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The Dean of Leicester is set to leave his role in the city, in order to take up the position of Dean of Canterbury – an appointment approved by Her Late Majesty the Queen ahead of her death.

The Very Revd Dr David Monteith, Dean of Leicester, is set to take up his new role as Dean of Canterbury on December 17, it has been announced today (October 11).

Dean David, who is also the Chair of the College of Deans of the Church of England, will lead his last Leicester Cathedral service as Dean of Leicester at St Martins House, at 10.30am on Sunday, November 27.

He has been in the role since 2013.

Picture: The Very Revd David Monteith

A Farewell Evensong Service will be held at St Mary de Castro Church in Leicester at 7pm on Sunday, November 27.

Further details of all these services will be publicised nearer the time.

Commenting on his new appointment, Dean David said: “I am overjoyed and humbled to be entrusted with this opportunity for learning and service. Canterbury Cathedral has played a vital part in our Christian story in England but it is also much loved by so many communities across the Anglican Communion. So, I already can see there is much to steward and much to imagine anew as our context reshapes. I have been a priest for many years but I also bring my experience of growing up in the Church of Ireland during the Northern Irish ‘Troubles’.

“I’m looking forward to working with Archbishop Justin, Bishop Rose, the Cathedral Chapter and her communities to ensure our worship inspires, our prayer undergirds, our outreach transforms us and others, and our witness reveals more of God’s expansive Kingdom of love, mercy and peace,” he added. “I hope hospitality in the name of Jesus Christ and profound openness to the entire wider community will mark all we offer especially as we face this challenging time of rising costs and human hardship.”

David shares his life in a Civil Partnership with David Hamilton, a counselling therapist working in palliative and bereavement care. He said he was looking forward to moving to the area with him.

“My partner, David, and I have had a place in Whitstable for over 20 years and so we already know Kent well,” he revealed. “We are both looking forward to getting to know further the varied communities of the county as well as getting to the seaside more often.”

Archbishop of Canterbury, Justin Welby said he was “delighted” by David’s appointment as Dean of Canterbury.

“He has been an exceptional Dean of Leicester – and his deep faith and spirituality, creativity, and profound sense of service will be a gift to Canterbury Cathedral and all the communities it serves,” he added.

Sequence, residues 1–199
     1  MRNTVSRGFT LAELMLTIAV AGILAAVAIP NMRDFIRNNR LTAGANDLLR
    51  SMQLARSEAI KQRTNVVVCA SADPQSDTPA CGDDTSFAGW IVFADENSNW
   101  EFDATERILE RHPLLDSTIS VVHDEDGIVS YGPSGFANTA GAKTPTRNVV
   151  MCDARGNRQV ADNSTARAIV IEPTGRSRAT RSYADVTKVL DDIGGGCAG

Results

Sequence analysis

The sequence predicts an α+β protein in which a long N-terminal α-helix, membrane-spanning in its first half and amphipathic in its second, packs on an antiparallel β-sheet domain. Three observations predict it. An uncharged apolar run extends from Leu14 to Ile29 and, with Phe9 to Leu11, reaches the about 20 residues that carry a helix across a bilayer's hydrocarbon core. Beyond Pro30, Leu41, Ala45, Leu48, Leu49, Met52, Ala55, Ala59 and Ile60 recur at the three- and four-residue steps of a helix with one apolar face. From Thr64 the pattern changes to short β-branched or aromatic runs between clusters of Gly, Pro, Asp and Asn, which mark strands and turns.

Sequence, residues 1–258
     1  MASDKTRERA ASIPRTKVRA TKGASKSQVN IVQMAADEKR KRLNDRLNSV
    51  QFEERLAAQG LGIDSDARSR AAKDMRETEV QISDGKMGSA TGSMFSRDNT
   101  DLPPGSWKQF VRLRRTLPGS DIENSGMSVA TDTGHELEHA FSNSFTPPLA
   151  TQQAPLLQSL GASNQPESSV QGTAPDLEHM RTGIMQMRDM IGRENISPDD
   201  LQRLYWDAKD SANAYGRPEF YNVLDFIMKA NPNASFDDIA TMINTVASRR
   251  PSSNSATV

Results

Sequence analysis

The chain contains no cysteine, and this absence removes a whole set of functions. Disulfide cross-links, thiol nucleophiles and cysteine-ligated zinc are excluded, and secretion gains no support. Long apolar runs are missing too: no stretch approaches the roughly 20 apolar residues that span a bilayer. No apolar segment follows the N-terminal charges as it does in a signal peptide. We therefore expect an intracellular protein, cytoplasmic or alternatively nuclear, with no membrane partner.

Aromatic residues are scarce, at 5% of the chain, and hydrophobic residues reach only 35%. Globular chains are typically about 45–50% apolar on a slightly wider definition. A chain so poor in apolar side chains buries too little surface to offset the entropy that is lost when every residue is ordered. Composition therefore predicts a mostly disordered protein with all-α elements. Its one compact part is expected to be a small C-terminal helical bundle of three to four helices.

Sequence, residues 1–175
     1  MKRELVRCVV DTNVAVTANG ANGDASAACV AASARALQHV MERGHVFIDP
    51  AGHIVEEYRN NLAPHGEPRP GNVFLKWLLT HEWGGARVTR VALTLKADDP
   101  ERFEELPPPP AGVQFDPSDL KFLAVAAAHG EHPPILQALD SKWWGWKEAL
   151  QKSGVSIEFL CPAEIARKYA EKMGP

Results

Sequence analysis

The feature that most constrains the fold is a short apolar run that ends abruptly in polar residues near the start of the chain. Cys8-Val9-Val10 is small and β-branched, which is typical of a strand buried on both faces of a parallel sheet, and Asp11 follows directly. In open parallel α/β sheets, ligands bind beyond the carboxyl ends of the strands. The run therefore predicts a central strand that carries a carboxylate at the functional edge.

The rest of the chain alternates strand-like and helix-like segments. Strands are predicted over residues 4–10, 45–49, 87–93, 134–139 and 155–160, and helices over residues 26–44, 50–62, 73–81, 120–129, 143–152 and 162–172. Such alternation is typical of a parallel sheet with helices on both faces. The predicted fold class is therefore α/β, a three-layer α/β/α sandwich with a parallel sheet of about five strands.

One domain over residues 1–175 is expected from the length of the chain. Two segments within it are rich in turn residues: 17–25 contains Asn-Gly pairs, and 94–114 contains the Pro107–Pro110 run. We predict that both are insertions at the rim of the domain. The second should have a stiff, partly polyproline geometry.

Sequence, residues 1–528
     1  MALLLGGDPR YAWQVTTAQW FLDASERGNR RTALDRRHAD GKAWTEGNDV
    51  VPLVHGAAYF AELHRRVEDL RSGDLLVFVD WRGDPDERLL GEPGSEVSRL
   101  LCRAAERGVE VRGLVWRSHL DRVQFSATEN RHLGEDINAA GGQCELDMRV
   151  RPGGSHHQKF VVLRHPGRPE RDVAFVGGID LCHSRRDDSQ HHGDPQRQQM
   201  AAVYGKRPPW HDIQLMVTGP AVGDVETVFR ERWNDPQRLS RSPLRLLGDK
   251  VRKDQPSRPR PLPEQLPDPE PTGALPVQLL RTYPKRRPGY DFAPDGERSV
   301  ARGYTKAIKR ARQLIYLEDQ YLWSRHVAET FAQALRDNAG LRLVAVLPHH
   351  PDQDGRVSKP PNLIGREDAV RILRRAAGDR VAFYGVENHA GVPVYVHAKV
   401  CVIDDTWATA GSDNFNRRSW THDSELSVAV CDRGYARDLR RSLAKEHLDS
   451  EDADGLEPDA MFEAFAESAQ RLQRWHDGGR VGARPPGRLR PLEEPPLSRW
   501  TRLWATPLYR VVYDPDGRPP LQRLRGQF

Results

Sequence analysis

Leicester Cathedral’s Canon Missioner and Sub-Dean, the Revd Canon Karen Rooms, has been announced as Acting Dean of Leicester for the interim period before a new appointment is made.

She will lead the Cathedral community through the current period of change whilst the building remains closed for the ongoing Leicester Cathedral Revealed work into autumn 2023.

Picture: Karen Rooms

“I am delighted be taking on this role with such a great Cathedral team. It’s already a time of transition for us as we journey through the Leicester Cathedral Revealed project, so we are well-placed to continue to be resilient and adjust to change,” she said.

“It’s exciting to be able to take forward the significant legacy of welcome, worship and witness that Dean David has given us. We wish him every success in his new role as we continue to build for the future here at the heart of Leicester and Leicestershire.”

The Bishop of Leicester, the Rt Revd Martyn Snow, said that Dean David has had a distinguished ministry and would be greatly missed but went with ‘our love and prayers.’ 

“David has exercised a long and distinguished ministry in Leicester. Most notably he oversaw the re-interment of King Richard III which transformed a small cathedral into a major tourist destination,” he said.

“He has played an active role in interfaith work in the city and chaired a Rural Commission which helped us re-examine the way we support rural churches and communities. He will be greatly missed by the diocese, but he goes with our love and prayers.”